Transplantation Xiang Li, Urology Department West China Hospital, Sichuan University
Acknowlegement To Dr. Lu Yiping and Dr. Wang jia To other Colleagues working on renal and liver transplantation
Transplantation is a Dream? • Dream of Paranoia • Dream of excellent surgeon who wants to excel himself. • Dream of excellent scientist who believe nothing is impossible.
Can you imagine? Can you imagine? Can you imagine?
Contents • Basic concepts of transplantation • Clinical Organ transplantation • Renal Transplantation, RT • Transplantation Immunology • MHC and Tissue Matching • Graft Rejection • Immunosuppression
Definition of Transplantation • Implantation of „non-self” tissue into the body • the process of taking cells, tissues, or organs called a graft (transplant), from one part or individual and placing them into another (usually different individual). • donor: the individual who provides the graft. • recipient or host: the individual who receives the graft.
Blood Transfusion • First attempts were unsuccesful (MISMATCH) • Discovery of blood groups (Red cell antigens) • A-B Landsteiner 1900 • Rh Levine, Stetson 1939 • Succesful transfusion = Transplantation • Others: Bone, Tissue-engineering, etc • Transplantation • Organ Transplantation
Classification of Renal Transplantation • Auto-RT Cadaveric • Allograft RTLiving related Living Donor Living unrelated • Xenograft RT (In experimental)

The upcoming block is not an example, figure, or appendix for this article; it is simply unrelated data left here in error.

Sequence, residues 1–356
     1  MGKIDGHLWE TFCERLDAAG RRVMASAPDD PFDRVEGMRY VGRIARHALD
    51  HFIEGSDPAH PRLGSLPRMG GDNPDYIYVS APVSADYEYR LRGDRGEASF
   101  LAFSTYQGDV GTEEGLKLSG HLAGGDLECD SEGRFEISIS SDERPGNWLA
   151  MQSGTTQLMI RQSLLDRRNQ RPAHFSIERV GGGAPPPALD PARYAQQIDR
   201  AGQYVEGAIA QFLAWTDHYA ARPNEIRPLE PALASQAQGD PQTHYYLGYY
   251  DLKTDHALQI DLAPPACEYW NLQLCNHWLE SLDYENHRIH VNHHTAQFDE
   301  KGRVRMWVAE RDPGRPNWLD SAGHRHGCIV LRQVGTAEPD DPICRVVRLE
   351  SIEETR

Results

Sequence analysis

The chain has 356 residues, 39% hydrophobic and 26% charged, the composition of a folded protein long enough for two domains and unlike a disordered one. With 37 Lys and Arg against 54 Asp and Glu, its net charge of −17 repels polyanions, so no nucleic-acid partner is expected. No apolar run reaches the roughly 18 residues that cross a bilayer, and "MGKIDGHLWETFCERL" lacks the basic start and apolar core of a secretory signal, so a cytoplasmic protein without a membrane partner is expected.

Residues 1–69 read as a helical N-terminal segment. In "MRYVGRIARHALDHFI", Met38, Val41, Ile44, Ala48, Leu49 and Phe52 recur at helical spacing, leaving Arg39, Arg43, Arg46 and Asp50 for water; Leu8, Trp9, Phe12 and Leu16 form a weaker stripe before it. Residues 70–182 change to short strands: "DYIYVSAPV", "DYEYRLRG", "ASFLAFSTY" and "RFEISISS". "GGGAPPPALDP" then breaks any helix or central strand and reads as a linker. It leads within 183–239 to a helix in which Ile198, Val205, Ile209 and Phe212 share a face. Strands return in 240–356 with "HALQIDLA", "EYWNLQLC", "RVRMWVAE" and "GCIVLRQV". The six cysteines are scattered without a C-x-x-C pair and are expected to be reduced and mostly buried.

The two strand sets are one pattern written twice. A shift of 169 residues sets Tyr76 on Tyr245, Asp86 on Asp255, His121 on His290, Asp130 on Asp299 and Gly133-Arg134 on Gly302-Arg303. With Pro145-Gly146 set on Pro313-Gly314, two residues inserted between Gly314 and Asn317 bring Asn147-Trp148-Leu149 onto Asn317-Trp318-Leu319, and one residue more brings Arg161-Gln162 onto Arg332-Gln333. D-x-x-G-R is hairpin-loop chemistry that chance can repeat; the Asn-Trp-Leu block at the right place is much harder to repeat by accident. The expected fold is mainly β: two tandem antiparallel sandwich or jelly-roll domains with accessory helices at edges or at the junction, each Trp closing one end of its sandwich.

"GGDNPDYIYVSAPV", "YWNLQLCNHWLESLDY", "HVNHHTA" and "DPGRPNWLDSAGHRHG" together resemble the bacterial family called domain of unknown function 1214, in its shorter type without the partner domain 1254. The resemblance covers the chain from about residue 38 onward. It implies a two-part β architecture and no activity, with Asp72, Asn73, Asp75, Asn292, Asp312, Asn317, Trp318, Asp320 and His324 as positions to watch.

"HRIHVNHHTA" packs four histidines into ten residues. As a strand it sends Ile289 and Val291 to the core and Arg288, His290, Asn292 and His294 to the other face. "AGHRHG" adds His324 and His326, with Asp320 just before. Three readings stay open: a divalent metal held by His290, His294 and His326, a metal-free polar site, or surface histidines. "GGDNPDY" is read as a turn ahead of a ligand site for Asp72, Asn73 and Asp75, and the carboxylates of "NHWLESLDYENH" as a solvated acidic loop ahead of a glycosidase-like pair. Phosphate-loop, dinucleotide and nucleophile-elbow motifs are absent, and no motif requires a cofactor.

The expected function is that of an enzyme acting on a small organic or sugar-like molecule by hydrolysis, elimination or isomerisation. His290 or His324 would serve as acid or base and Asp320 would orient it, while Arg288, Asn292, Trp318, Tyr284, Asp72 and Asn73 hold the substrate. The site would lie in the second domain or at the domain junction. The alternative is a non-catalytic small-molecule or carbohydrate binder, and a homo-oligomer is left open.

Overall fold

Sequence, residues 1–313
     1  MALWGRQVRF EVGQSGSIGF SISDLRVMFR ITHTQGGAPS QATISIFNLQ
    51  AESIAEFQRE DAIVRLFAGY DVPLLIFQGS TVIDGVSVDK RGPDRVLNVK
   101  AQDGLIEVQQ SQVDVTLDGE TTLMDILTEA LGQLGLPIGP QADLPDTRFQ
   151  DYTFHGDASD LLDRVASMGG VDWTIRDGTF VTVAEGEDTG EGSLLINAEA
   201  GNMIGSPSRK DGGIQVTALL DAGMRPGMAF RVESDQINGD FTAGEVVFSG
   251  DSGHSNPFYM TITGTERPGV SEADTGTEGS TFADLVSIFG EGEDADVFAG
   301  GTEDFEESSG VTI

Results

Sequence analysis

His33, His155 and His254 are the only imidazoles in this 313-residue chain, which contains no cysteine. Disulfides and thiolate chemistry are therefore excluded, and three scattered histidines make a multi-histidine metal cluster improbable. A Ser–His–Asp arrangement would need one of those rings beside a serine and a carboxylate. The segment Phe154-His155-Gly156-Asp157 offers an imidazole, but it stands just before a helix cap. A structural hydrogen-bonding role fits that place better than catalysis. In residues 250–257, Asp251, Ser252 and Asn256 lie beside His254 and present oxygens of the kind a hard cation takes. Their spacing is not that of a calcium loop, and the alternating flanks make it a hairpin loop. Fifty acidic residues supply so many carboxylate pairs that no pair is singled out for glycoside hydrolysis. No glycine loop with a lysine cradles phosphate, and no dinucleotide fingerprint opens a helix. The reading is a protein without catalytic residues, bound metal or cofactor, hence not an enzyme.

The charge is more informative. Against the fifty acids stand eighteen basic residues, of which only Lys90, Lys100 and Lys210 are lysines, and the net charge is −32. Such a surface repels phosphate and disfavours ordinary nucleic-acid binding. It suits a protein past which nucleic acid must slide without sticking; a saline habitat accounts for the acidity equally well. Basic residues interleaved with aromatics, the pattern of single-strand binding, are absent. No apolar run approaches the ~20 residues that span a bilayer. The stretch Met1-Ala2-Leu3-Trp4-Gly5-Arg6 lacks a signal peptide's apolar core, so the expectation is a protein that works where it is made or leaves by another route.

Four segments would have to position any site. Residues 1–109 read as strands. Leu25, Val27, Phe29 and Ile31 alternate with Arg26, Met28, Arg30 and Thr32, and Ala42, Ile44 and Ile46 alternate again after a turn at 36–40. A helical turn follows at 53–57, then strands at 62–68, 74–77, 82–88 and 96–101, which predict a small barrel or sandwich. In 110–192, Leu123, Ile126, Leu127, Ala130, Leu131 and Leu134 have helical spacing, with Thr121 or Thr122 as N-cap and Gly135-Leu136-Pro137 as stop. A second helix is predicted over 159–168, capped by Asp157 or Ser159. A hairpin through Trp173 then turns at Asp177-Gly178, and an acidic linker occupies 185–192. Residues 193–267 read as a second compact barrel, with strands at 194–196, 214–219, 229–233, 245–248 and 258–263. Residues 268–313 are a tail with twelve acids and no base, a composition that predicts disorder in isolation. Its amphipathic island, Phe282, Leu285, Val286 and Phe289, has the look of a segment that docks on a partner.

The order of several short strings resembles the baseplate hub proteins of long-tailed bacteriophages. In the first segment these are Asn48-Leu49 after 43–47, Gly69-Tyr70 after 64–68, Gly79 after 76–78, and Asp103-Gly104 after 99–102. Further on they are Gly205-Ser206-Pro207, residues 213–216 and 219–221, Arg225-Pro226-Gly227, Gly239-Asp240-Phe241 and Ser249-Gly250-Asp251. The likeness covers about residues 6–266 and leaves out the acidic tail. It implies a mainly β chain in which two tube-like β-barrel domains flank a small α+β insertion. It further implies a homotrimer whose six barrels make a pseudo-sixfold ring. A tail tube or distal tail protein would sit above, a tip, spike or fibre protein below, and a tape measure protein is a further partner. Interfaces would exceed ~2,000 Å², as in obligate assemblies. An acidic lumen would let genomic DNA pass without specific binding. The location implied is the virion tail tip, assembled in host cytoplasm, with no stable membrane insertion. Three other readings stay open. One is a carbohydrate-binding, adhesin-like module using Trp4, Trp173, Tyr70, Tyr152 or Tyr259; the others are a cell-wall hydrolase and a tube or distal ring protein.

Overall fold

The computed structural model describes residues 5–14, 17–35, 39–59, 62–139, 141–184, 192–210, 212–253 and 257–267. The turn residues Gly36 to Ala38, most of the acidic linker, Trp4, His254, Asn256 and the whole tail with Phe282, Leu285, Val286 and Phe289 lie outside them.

Transplantation History • experimental kidney transplantation -1912 • Alexis Carel-Nobel prize • 1935 human kidney transplant in Russia - rejection • P.B. Medawar (1945) skin grafts • Self skin accepted • Relative not accepted ! What is the difference ? • Immunologic mechanism • A. Mitchison (1950) • Lymphocytes are responsible for rejection
Transplantation History • Peter Gorer (~1935) • Identification of 4 group of genes for RBC • Gorer and Gorge Snell (~1950) • Group II antigens are responsible for rejection • Major HistoCompatibility genes (HLA) • Nobel prize 1980 George Snell • 1954 Succesful kidney transplant between identical twins in Boston – Peter Bent Brigham Hospital • Joseph Murray 1991 Nobel prize
HISTORY OF THE RT • 1933 First clinical RT (Voronov); • 1954 First long-term successful RT(Twin); • 1958 Discovery of HLA(Human Lym Antigen); • 1959 Radiation be used for immunosupp- ression; • 1961 Azathioprine (Aza); • 1962 Prednisolone; Tissue Matching; • 1966 Cross-Matching; • Late 1960’ Preservation the Kidney>24hr ; • 1972 First successful RT(LRD) in china; • 1978 Clinical use of Cyclosporine(CsA).
Key factors for succesful transplantation • Knowledge of MHC haplotypes • Effective immunosuppression • Ability to identify and treat infections • Available donors
Clinical Organ Transplantation Liver Transplantation Renal Transplantation
LIVER TRANSPLANTATION • Indication: End stage liver diseases (ESLD) • Hepatic Disease to ESLD • Congenital malfomation; • Congenital liver metabolic disorders; • Acute liver failure; • Chronic liver failure: (1) Cirrhosis: Hepatitis B, Alcoholic; (2) Parasites: Hydatid disease of liver, ect. • liver malignance
RENAL TRANSPLANTATION END STAGE RENAL DISEASES (ESRD) Definition: (1) Various causes; (2) Irreversible injury; (3) Functional failure. Morbidity • Europe:50/million; • China:90-100/million
TREATMENT OF ESRD • DIALYSIS Chronic Ambulatory Peritoneal Dialysis (CAPD); Hemodialysis (HD). • KIDNEY TRANSPLANTATION
Renal Transplantation • Renal transplantation is associated with as survival benefit for patients with ESRD when compared to dialysis; • Even marginal donor kidneys confer a significant survival advantage over maintenance dialysis. • The preferred therapy for most of the Pts with ESRD; • More cost- effective; Better survival; Better life quality.
CONTRAINDICATION • Active invasive infection; • Active malignance; • High probability of operative mortality; • Unsuitable anatomic situation for technical success; • Severe psychological or financial problem.